Business Times - 10 Mar 2011
US obsession with the M-E will only benefit China
By LEON HADAR
US PRESIDENT Barack Obama's 10-day trip to Asia at the end of last year was seen as an effort by his administration to demonstrate that it was placing its relationship with the rising powers of that region on the top of US foreign policy agenda.
Indeed, during most of the eight years that Mr Obama's predecessor had occupied the White House, Asian policymakers and pundits were warning that Bush Administration's post-9/11 focus on the war on terrorism, including the launching of two long and costly wars in Iraq and Afghanistan, ended up diverting American attention from the remarkable strategic and economic changes taking place in Asia that could have major impact on US economic and military interests.
At times it seemed as though the investment of so much time, energy and resources in managing the wars in Iraq and Afghanistan, in dealing with Iran's perceived nuclear military ambitions, in trying to revive the never-ending Palestinian-Israeli peace process and to end the Israeli-Hezbollah war - not to mention the promotion of an ambitious Freedom Agenda aimed at democratising the Arab Middle East - amounted to a full-time job. In fact, it was obsession as far as President George W Bush and his top aides were concerned.
And even when President Bush had taken some time from his busy Middle East policymaking and made an effort to get more engaged in Asian issues, much of his discussions with leaders in the region seemed to focus on - you guessed it! - the war on terrorism.
President Obama entered office hoping to start withdrawing US troops from Iraq and improve US ties with Arabs and Muslims by, among other things, stressing that the campaign against terrorism is not directed against Muslims. At the same time, President Obama was making the case that restructuring the US economy and trying to make it more competitive worldwide in the aftermath of the Great Recession would require more engagement with China, India, Korea and South-east Asia. The Obama Administration has also expressed its commitment to work with India, Japan, Korea and the South-east Asian countries in trying to restrain China's military assertiveness in the region.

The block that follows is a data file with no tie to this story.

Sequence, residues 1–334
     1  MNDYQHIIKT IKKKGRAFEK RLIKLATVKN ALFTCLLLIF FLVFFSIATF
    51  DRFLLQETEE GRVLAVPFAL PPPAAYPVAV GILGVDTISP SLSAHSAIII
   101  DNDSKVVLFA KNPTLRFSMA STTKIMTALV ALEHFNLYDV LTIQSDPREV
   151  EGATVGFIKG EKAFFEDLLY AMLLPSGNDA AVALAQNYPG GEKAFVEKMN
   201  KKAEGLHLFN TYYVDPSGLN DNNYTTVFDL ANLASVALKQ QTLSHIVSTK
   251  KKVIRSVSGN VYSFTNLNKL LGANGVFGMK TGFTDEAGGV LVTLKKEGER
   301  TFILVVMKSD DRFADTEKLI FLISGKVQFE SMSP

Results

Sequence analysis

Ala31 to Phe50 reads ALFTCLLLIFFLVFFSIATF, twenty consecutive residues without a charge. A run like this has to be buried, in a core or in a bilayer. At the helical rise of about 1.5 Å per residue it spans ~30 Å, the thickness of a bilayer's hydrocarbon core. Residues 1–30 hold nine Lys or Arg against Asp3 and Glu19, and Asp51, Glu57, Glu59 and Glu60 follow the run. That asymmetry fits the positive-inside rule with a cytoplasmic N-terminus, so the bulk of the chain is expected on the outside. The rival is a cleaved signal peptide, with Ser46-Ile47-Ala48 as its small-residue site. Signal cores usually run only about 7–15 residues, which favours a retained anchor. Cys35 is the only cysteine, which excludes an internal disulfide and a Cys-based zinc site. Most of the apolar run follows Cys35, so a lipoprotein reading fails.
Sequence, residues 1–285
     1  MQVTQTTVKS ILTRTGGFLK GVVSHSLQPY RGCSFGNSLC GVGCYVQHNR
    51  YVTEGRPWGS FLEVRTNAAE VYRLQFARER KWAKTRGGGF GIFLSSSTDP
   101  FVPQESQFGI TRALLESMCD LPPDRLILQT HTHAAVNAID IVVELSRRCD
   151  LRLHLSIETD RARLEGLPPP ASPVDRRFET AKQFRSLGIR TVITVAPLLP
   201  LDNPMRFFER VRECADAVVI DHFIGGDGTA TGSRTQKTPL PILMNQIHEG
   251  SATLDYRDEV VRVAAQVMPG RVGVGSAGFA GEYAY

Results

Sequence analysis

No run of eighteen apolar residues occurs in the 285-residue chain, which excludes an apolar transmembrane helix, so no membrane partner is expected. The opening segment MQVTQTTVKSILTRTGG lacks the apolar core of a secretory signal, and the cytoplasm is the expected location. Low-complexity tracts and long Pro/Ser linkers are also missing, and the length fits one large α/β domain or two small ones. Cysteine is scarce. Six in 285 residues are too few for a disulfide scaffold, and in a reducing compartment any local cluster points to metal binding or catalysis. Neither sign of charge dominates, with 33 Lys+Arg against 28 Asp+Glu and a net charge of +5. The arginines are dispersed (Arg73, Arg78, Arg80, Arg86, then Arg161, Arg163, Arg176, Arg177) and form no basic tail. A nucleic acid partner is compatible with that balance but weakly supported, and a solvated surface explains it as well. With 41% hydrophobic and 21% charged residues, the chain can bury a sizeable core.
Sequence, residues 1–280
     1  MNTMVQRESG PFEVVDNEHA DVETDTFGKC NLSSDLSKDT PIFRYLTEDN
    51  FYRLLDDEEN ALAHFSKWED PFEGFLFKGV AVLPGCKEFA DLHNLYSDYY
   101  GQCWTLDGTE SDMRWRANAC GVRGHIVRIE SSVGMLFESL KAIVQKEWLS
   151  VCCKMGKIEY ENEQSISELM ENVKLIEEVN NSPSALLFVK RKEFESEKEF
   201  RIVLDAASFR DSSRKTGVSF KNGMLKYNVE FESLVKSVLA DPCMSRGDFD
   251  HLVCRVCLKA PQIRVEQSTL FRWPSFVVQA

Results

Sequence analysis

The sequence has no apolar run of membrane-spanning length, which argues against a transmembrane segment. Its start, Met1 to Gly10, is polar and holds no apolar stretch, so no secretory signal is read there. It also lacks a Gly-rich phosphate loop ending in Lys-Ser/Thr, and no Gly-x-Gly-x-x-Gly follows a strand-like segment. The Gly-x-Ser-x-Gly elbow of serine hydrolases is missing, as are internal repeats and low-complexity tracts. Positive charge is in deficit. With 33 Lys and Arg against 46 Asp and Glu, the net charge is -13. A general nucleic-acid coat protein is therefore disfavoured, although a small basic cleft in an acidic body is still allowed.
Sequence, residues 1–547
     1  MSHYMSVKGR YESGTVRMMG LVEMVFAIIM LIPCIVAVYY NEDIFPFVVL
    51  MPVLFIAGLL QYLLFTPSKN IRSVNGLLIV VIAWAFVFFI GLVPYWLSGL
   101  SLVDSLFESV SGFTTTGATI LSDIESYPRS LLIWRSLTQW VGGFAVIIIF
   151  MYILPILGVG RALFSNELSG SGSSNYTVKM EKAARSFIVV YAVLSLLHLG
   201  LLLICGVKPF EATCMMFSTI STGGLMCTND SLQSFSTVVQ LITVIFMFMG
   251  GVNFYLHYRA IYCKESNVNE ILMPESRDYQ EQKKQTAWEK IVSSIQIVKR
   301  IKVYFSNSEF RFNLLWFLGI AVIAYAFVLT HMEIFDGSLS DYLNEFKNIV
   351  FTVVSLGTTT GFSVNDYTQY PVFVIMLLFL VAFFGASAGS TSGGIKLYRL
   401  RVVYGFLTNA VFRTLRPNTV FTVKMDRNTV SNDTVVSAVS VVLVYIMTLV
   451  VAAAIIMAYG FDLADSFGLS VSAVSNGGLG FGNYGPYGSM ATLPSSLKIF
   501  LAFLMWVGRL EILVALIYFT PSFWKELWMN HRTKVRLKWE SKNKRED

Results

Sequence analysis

But after occupying the White House for two years, it seems that Mr Obama is finding himself at the same position where Mr Bush had been before he left office - fixated with the Middle East.
Not only has the Obama Administration taken steps to expand US military intervention in Afghanistan and has failed to resolve the Israeli-Palestinian conflict, the recent political upheaval in Egypt and the rest of the Middle East - including a bloody civil war in Libya - is actually placing Washington even more at the centre of the developments in the region. Indeed, if one listens to leading US lawmakers and pundits, Washington should be drawing up war plans, mobilising troops and amassing the financial resources aimed at bringing about regime change in Libya. Not an hour passes in the 24/7 media and political universe without US officials being asked to 'do something' about the crisis in Libya.
And the members of a noisy coalition of neoconservative and liberal interventionists are now insisting that the US has the obligation to take a leading role in helping transform the Middle East by providing more support for pro-democracy activists and by putting more pressure on the Arab autocrats - not to mention the Ayatollahs in Iran - to embrace political reform, including open and free elections, the same kind that brought to power Hamas in Palestine and strengthened Hezbollah in Lebanon while enabling Shiite political parties with ties to Iran to emerge as winners in Iraq.
This continuing American pre-occupation with the Middle East involves more than the enormous costs that the US is being forced to pay in the region at a time when its military is overstretched and its budget deficits are rising to the stratosphere. One also has to consider the strategic opportunity costs.
With much of its time and energy being consumed by the Middle East, Washington is unable to shift its strategic priorities in the direction of the Pacific Rim where the economic and military challenges posed by the rise of China, India, Korea, and South-east Asia impact directly on core US national interests more than by what is happening in the Arab states, which provides less than 15 per cent of America's energy supplies.
America's obsession of the Middle East will end up playing directly into the hands of the Chinese leaders. They can continue building up their economy and strengthening their military while the US is being drawn every deeper into Libya and the rest of the mess in the Middle East.
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